Published on June 9th, 2015 | by Lee Davies
Review: FullBlast (Wii U)
Format reviewed: Wii U eShop
Other formats available: iOS, Android
Developer: UFO Crash Games
Publisher: EnjoyUp Games
Website: Official Website
Many have tried and failed… It seemed that the war against these things would be a cakewalk, but this is taking more than expected – humanity needs you! You’re our last hero! FullBlast is a fast-paced action shoot-‘em up. Now go and save the Earth through 12 levels full of aliens.
This heavily clichéd and simple story is told via on-screen text boxes of banter between the hero pilots and their ground-based Commander, with the occasional enemy Boss chiding you of your eventual demise at their hands/tentacles.
The play screen resembles an SNES Virtual Console title. The borders located on the left and right make the play area seem tight at first, but this becomes unnoticeable very soon into the game itself. Within each border the information of one of the 2-players co-op game is housed. Player 1’s status on the left and 2 on the right. Each can see at a quick glance their health status, number of lives remaining, number of Mega Bombs unused, and their score. It is in the local 2-player co-op mode that FullBlast is at its best. With the second player in tow, more enemies and their attacking blasts appear on the screen adding to the already frenetic gameplay. Both co-op players are easily distinguished from each other by their bright colour differentiation and only when not concentrating does confusion of which ship you are controlling ensue. However, there is a complete lack of a drop-in/drop-out co-op mode. If a second player wishes to join you, then you’ll find yourself having to back out to the main menu and start all over again.
Shooting is matter of pressing the A button, hold it down for a continuous stream of vertically ascending rapid fire. There’s no twin stick shenanigans happening here. Movement via the Analogue Stick is precise and tight. Your fighter jet moves exactly where you expect it to at all times. Power ups range from Extra Lives, additional Mega Bombs, Fast Fire, Shields, x2 Score, and weapon upgrades. Weapon upgrades are where you’ll have to be careful before picking up. There are 2 different types on offer. One fires a thin tightly-packed volley of shots that upgrades from the one stream to a maximum of 4 bullets width with added homing missiles. The second flares out the outermost bullets at a wider angle and can be upgraded to be more powerful with homing missiles thrown in for good measure. Both power ups look similar. Pick up the wrong one and your weapon will reset to the beginning of its upgrade arc.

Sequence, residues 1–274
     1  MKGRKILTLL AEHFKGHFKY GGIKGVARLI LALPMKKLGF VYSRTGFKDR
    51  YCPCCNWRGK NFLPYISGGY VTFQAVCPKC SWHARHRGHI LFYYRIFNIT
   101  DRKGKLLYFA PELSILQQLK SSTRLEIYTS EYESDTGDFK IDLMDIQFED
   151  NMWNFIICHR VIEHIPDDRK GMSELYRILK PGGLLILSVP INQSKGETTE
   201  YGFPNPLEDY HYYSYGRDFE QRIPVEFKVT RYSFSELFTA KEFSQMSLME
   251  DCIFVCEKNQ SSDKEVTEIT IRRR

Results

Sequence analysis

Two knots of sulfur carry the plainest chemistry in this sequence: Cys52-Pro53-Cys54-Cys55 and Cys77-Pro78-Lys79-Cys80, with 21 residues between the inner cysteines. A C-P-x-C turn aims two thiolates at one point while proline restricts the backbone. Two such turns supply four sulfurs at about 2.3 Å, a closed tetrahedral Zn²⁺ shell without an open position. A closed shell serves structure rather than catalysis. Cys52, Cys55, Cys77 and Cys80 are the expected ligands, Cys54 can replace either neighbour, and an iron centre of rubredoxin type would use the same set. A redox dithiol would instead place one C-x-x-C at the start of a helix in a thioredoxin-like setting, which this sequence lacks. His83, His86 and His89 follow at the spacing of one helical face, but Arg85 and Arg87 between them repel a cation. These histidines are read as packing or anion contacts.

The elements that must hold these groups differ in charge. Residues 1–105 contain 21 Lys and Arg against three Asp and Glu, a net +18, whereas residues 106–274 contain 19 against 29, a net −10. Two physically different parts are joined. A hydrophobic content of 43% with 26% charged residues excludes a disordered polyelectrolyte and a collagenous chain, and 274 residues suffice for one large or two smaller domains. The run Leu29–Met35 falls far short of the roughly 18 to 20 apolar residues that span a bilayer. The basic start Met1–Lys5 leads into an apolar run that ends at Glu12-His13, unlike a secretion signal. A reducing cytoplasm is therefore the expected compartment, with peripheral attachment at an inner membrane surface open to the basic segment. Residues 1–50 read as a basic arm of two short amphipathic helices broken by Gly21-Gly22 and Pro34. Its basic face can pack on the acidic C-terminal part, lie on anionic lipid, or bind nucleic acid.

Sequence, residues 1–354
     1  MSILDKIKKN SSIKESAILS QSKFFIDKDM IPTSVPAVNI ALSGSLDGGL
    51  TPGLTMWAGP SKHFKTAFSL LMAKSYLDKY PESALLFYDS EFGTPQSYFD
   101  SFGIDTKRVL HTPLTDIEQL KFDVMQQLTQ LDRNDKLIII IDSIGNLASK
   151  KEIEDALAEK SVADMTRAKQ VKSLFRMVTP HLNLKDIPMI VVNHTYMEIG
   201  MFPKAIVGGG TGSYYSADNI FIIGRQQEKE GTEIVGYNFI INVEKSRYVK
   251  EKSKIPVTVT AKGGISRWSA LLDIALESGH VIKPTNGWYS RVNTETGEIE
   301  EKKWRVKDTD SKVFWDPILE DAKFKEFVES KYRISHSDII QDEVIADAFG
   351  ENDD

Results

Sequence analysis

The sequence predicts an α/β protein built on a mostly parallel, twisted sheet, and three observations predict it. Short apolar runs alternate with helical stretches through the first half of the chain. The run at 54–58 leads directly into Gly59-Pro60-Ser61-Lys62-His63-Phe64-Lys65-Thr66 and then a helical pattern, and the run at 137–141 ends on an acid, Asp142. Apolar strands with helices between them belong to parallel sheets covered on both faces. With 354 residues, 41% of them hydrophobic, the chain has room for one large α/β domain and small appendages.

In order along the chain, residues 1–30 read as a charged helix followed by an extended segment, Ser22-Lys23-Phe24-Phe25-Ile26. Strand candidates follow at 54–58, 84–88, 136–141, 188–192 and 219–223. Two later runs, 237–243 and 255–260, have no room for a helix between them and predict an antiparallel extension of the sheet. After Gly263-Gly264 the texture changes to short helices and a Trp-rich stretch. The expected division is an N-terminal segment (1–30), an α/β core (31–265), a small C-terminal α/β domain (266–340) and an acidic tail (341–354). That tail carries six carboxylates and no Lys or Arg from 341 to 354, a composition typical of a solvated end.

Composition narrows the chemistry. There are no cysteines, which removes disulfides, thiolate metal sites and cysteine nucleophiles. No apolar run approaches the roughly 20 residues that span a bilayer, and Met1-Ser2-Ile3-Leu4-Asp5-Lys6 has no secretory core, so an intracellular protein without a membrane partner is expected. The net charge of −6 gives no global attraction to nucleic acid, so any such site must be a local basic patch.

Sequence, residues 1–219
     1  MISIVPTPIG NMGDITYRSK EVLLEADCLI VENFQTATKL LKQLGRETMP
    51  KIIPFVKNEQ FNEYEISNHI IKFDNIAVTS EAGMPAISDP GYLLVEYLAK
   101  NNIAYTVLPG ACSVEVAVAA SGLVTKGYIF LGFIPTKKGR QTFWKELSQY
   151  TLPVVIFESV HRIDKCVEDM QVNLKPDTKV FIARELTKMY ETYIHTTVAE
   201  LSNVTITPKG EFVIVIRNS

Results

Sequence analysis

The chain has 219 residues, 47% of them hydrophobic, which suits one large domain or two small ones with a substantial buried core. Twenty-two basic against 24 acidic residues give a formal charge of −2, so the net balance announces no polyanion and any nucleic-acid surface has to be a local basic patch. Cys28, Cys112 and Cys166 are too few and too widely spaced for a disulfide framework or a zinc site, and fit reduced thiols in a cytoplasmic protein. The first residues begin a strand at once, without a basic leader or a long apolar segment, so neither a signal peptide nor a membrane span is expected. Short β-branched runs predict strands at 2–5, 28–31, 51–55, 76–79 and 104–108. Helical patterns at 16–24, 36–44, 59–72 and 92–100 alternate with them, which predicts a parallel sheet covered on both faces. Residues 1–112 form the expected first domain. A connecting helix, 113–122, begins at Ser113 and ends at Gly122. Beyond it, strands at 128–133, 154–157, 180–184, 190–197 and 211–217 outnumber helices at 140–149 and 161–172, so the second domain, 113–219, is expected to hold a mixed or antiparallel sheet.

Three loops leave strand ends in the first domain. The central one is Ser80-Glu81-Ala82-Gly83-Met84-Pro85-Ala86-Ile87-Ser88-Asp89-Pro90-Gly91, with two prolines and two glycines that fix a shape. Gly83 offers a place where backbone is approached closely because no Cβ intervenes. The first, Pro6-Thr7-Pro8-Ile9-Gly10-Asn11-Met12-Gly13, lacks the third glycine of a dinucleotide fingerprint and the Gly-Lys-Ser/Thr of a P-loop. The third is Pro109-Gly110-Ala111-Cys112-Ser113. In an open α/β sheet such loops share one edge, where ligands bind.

Visually FullBlast seems like a halfway house of cartoon and serious action shooter. Resembling pixel based vertical shoot-‘em ups of the past, but with fully rendered 3D polygonal models. Touches and little details please throughout the campaign, like the way when enemies explode there are added comic book phrases, such as ‘BOOM!’, etc. You’ll find yourself flying over cityscapes populated with moving traffic below your fighter jet, apocalyptic cities, jungles with moving friendly tanks and artillery, and arctic oceans with moving ships. This is all incidental window dressing and all the parts of each landscape repeat often and you’ll notice the same set of skyscrapers, an identical river tributary, or an exact replica iceberg formation many times over, but that will not detract from the overall experience as all your attention will be focused on what happens in the air. Take your eyes off of the action for 1 second and there’s going to be trouble.